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California’s State Budget: The Enacted 2017–18 Budget

    • The spending plan reflects modest economic growth.
      On June 27, 2017, Governor Brown signed the 2017–18 Budget Act, which includes $183.3 billion in spending. General Fund appropriations total $125.1 billion, a $3.7 billion (or 3%) increase over the revised 2016–17 budget. General Fund revenues are estimated at $127.7 billion for 2017–18, which is $6.1 billion (5%) more than the revised 2016–17 revenues but $1 billion less than projected when the 2016 Budget Act was adopted.

Major funding increases in 2017–18 budget plan

Major funding increases in 2017–18 budget plan

SOURCE: California State Budget 2017–18, California Department of Finance, June 2017.

    • K–12 schools and higher education see continued increases.
      The budget allocates an additional $1.4 billion to the Local Control Funding Formula (LCFF), which supplies base grants to K–12 schools and extra funding for targeted student groups. The spending plan also includes $877 million in one-time funding for K–12 schools. Community colleges will receive $150 million for a “guided pathways” program to improve student outcomes and $57.8 million to increase enrollment by 1 percent. Funding for California State University increases by $182.2 million, including $20 million for enrollment growth. University of California funding increases by $136.5 million, though $50 million will be withheld until the university addresses recent audit concerns and makes a number of required reforms. The new budget allocates $96 million to the Middle Class Scholarship, continuing a program that the governor had proposed phasing out. It also postpones planned cuts to Cal Grants for students at nonprofit private institutions.
    • Health care funding and support for working families have been expanded.
      The spending plan uses new revenue from Proposition 56, which increased taxes on tobacco products, to pay for expected growth in Medi-Cal ($711.2 million) and increase reimbursement rates for health providers (up to $546 million); these provisions are contingent on federal approvals and the preservation of federal Medi-Cal funding. In addition, counties will receive $400 million to help cover increased In-Home Supportive Services (IHSS) costs resulting from the elimination of the Coordinated Care Initiative. An expansion of state EITC eligibility to include self-employment income and allow full-time minimum-wage workers to claim small credits will cost $140 million over the next year. The state is also helping working families by providing an additional $166.2 million in funding to expand child care eligibility, add full-day state preschool slots, and increase provider reimbursement rates.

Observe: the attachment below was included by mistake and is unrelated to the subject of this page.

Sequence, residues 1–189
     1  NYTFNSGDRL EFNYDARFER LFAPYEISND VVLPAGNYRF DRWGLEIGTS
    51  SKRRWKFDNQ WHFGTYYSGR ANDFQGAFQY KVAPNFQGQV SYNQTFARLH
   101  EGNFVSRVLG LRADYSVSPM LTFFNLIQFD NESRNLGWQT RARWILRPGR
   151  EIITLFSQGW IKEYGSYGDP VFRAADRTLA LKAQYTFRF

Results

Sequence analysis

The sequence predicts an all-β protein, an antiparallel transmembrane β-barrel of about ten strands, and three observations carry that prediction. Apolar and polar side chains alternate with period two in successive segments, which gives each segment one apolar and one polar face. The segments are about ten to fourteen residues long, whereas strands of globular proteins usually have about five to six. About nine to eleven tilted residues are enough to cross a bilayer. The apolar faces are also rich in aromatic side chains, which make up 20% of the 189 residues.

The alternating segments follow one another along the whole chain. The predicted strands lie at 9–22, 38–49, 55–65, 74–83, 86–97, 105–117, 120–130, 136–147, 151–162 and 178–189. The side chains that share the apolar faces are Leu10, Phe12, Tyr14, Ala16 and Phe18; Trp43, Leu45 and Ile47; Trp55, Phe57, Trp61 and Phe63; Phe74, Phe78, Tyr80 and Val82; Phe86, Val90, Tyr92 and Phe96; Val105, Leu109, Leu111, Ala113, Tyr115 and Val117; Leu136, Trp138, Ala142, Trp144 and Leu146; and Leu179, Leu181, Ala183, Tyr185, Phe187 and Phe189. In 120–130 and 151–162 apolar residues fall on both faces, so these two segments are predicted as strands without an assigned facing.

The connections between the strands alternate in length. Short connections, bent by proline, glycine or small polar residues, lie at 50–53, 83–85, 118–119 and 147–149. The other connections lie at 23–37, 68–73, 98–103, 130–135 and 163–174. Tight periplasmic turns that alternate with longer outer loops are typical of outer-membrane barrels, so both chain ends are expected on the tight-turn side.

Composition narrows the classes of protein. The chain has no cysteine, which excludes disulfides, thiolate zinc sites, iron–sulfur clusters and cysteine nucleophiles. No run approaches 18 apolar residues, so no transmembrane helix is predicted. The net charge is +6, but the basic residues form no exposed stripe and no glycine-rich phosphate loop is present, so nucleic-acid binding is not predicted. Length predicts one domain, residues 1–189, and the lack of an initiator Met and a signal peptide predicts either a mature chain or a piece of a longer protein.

• The budget includes significant new spending on transportation infrastructure.
      First-year funding for the Road Repair and Accountability Act of 2017 (SB 1) totals $2.8 billion, to be split evenly between state and local transportation programs. Estimated revenues from new vehicle fees (including the annual Transportation Improvement Fee and a fee on zero-emission vehicles), increased diesel and gasoline taxes, and operational efficiencies will provide $54 billion over the next ten years, primarily for state and local road repairs. Future funds will be spent on a wider range of issues and projects, including trade and congested corridors, transit programs, and other areas (such as transportation planning and research grants).
    • Funding for short and long-term liabilities has been continued.
      The budget includes $11.1 billion to pay for retiree benefits in 2017–18, about twice the amount budgeted in 2008–09. In addition, an accelerated payment to the state’s public employees’ retirement system (CalPERS) to reduce the state’s unfunded pension liability is being covered by $6 billion in borrowed funds. The budget also earmarks $85 million to continue to address drought legacy issues and $111 million in Proposition 1 funds to accelerate flood control programs. Finally, the state continues to build budget reserves with a constitutionally mandated payment of $1.8 billion to the Rainy Day Fund, bringing its total balance to $8.5 billion, and the state’s discretionary reserves will have an estimated $1.4 billion balance by July 2018.

Funding for retiree benefits has nearly doubled since 2008

Funding for retiree benefits has nearly doubled since 2008

SOURCE: Figure SWE-01, California State Budget 2017‒18, California Department of Finance, June 2017.

NOTES: The funding total for 2017‒18 does not include the additional $6 billion that is being borrowed from the Surplus Money Investment Fund. STRS = state funding to the California State Teachers’ Retirement System. PERS Health and Dental = state funding for retired workers health, dental, and other prefunded benefits to the California Public Employees’ Retirement System. PERS = state funding for executive, judicial, and legislative employee retirement benefits to the California Public Employees’ Retirement System, including California State University employees, judges, and other elected officials.

 

Sources: California State Budget 2017–18, California Department of Finance, June 2017; Overview of the 2017 Transportation Funding Package, Legislative Analyst Office, June 2017.


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Authors

Brandon MartinBrandon Martin
Research Associate
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